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Commodity upswing helps alfalfa growers, but the timing could be better

20190529-bc-features

With a break in the weather, a swather operator from Crown Harvesting Inc. cuts alfalfa later than it would typically prefer in this 2019 file photo.

If the recent run-up in ag commodity prices seems like a great thing for Kern's farming sector, think again.

Only one of the county's top-10 crops — alfalfa — has benefited noticeably from recent bad weather in Brazil and strong Chinese demand for grains that feed livestock. And unfortunately for local alfalfa growers, the timing's all wrong.

Problem is, California finds itself in another drought, and because alfalfa is a relatively water-intensive crop, growers often must pay top dollar to supplement meager supplies for irrigation.

On top of that, the amount of local acreage devoted to alfalfa has plummeted in recent years. Now that prices are up strongly, the county's ag sector has limited capacity to capitalize, to say nothing of how the crop's price increase hurts Central Valley dairies that feed alfalfa to their herd.

Buttonwillow farmer Mike Frey grew his last alfalfa field two or three years ago. He ultimately decided the profit margins were not strong enough to justify the amount of water required for irrigation.

"We got out of it," he said. "We could achieve better results with different crops (using) the same water."

WEIGHING FACTORS

Alfalfa specialists say things are different now.

Blake Sanden, an advisor emeritus with the University of California Cooperative Extension program, said by email farmers comparing crop prices, land requirements, production volumes and water needs may find alfalfa's suddenly the way to go these days.

Growers with aging almond orchards may do the math and find it makes more sense for the time being to switch the land to alfalfa production.

"Maybe I put my water into the hay and plan on tearing out the old trees," he said email, speaking hypothetically.

Kern County records show Alfalfa ranked eighth by gross revenue to local farmers in 2019, the most recent year for which data is available. That year the crop brought in $141 million, up almost a quarter from 2018, even as the county's total acreage was down year over year.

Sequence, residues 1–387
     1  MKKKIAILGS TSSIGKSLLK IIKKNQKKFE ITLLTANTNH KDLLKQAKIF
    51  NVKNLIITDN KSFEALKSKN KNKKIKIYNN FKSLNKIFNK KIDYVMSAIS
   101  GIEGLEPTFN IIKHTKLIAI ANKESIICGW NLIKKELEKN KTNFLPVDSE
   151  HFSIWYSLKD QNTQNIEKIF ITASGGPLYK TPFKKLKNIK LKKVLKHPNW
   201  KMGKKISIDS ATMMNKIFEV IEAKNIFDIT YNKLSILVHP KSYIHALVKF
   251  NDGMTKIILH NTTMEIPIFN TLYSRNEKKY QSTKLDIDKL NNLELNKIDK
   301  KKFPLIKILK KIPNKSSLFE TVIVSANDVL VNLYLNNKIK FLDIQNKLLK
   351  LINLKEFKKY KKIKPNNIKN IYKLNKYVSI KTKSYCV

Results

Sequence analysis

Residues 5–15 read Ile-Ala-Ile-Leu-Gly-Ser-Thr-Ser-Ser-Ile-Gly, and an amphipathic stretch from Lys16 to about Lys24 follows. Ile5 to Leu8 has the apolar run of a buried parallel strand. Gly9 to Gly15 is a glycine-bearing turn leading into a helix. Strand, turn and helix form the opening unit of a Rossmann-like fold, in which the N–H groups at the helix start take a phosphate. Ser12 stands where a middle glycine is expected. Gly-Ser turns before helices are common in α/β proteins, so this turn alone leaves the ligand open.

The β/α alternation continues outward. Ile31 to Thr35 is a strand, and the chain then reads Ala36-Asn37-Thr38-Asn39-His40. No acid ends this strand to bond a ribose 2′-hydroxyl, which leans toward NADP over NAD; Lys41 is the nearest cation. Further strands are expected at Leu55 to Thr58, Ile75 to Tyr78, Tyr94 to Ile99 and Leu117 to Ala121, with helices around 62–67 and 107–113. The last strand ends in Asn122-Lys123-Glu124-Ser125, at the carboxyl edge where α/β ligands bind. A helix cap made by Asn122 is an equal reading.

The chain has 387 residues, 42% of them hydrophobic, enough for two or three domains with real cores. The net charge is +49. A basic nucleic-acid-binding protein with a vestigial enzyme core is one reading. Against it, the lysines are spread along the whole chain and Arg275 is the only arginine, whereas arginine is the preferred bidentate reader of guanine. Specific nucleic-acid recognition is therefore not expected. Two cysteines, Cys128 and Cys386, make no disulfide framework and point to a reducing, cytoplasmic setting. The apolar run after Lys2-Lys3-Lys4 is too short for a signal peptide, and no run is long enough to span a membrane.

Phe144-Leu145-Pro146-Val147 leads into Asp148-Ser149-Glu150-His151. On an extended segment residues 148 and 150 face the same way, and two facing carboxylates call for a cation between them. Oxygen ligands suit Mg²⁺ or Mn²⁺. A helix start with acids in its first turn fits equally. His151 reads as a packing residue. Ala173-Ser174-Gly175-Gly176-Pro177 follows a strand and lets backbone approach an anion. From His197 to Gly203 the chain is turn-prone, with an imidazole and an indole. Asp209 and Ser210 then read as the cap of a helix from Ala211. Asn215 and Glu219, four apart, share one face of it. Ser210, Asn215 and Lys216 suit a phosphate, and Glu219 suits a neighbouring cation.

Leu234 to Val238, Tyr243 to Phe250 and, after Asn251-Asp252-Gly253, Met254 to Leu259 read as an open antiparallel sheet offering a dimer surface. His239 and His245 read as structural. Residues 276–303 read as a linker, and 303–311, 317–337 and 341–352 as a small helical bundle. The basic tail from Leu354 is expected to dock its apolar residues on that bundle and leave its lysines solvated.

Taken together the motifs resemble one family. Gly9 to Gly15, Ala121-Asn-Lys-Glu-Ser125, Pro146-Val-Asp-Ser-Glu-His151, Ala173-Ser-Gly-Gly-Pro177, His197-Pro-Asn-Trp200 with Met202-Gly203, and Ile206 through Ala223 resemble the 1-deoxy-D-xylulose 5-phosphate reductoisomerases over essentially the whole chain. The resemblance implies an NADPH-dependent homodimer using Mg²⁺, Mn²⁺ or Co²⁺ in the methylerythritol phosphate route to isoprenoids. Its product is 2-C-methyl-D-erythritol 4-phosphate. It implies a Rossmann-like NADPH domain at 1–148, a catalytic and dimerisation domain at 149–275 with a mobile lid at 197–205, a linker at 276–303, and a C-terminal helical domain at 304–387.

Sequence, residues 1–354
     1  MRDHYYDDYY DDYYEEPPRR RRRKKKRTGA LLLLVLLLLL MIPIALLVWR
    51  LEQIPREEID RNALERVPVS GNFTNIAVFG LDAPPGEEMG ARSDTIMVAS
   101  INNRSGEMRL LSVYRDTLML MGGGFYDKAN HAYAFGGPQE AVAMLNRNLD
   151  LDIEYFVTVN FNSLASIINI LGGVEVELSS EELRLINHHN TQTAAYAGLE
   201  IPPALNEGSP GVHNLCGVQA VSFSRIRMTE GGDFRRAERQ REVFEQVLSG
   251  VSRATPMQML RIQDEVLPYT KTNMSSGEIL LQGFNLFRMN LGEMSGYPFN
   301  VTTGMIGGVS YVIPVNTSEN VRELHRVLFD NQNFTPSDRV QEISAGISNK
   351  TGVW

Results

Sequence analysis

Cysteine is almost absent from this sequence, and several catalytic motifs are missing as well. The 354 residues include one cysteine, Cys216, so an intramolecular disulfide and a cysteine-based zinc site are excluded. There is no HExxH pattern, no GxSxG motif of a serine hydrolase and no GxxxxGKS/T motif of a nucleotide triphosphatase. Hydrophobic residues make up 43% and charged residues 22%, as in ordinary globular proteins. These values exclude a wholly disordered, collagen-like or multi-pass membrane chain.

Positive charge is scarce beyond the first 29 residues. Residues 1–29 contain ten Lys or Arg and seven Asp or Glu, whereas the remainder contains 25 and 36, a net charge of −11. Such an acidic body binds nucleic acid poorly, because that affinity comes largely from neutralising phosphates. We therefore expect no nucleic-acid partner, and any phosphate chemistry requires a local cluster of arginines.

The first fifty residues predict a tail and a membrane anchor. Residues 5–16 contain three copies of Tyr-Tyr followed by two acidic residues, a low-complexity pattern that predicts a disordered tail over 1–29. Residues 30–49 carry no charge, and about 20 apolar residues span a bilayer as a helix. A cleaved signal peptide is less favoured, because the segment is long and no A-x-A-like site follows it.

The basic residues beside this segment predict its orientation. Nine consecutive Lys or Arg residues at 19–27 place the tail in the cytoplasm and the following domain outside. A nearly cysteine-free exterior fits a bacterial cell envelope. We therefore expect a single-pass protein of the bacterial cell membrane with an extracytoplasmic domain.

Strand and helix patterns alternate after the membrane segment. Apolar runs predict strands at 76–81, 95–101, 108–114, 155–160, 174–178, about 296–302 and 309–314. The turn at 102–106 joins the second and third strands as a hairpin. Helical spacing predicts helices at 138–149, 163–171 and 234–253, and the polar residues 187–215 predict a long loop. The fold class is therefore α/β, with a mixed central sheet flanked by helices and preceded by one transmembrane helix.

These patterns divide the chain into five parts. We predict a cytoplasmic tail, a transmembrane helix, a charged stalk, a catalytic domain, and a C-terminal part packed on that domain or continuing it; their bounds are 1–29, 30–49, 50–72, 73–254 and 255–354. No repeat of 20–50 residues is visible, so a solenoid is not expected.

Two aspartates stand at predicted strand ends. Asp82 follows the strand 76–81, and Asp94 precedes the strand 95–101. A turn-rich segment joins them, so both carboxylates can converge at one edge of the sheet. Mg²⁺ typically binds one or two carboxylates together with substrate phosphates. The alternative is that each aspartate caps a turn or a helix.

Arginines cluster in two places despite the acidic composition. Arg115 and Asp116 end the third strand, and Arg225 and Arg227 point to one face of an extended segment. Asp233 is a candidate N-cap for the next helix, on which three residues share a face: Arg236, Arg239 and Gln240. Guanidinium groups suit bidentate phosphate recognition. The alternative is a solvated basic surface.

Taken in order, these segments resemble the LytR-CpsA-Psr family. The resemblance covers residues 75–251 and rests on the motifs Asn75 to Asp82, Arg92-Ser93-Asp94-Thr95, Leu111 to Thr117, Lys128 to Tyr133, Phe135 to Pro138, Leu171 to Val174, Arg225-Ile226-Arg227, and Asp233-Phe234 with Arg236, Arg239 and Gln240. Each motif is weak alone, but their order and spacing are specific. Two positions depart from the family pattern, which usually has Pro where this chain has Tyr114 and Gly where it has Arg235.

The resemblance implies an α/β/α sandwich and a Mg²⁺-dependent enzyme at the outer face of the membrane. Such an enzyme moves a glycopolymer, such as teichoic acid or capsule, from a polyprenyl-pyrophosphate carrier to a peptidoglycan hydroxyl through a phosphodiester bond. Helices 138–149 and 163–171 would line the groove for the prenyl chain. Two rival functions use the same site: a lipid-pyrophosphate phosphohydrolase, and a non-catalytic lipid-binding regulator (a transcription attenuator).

Compared with 10 years earlier, the amount of land devoted to growing alfalfa in Kern in 2019 was down 56 percent at 64,100 harvested acres, according to county records.

RISING PRICES

RaboResearch Food & Agribusiness reports U.S. alfalfa prices through February were trending higher than the year before and running substantially above the five-year average.

Roland Fumasi, senior analyst at RaboResearch Food & Agribusiness, said tight corn supplies have been a significant contributor, along with Chinese demand and supply constraints in South America. Unless California's drought resolves itself soon, he said, it's likely prices will continue upward.

In the meantime, water prices for those without their own adequate supply have risen from $530 per acre-foot in mid March to more than $800, Fumasi noted, adding some growers will have to use more groundwater to irrigate their crops — "no doubt about it."

Meanwhile, he said dairies experiencing mediocre milk prices face margin pressure to the extent they need to supplement their feed supplies with grains.

Fumasi added that prices for pistachios, another leading crop, are relatively stable while almond prices lag. Citrus is up year over year but the crop hasn't kept pace with grain price increases, he noted.

A California dairy representative, Michael Boccadoro, said the industry has grown somewhat cushioned from high alfalfa costs because of greater use of ag byproducts for feed.

GOOD YEAR

Daniel Putnam, a forage specialist at the University of California, Davis said those still growing alfalfa locally should enjoy good profitability this year "if they have water to grow the crop."

He noted most buyers of alfalfa are local but that probably more than a quarter of California's production of the crop goes for export.

Putnam pointed to a bright spot: alfalfa's flexibility in comparison with crops like almonds. Growers can drop irrigation levels to between 50 percent and 60 percent of full allocation and still do OK, he said.

"Yields will be lower but still can be profitable," he wrote in an email. He added that another benefit is that alfalfa planted in fall can still produce within one year, which tree nuts cannot.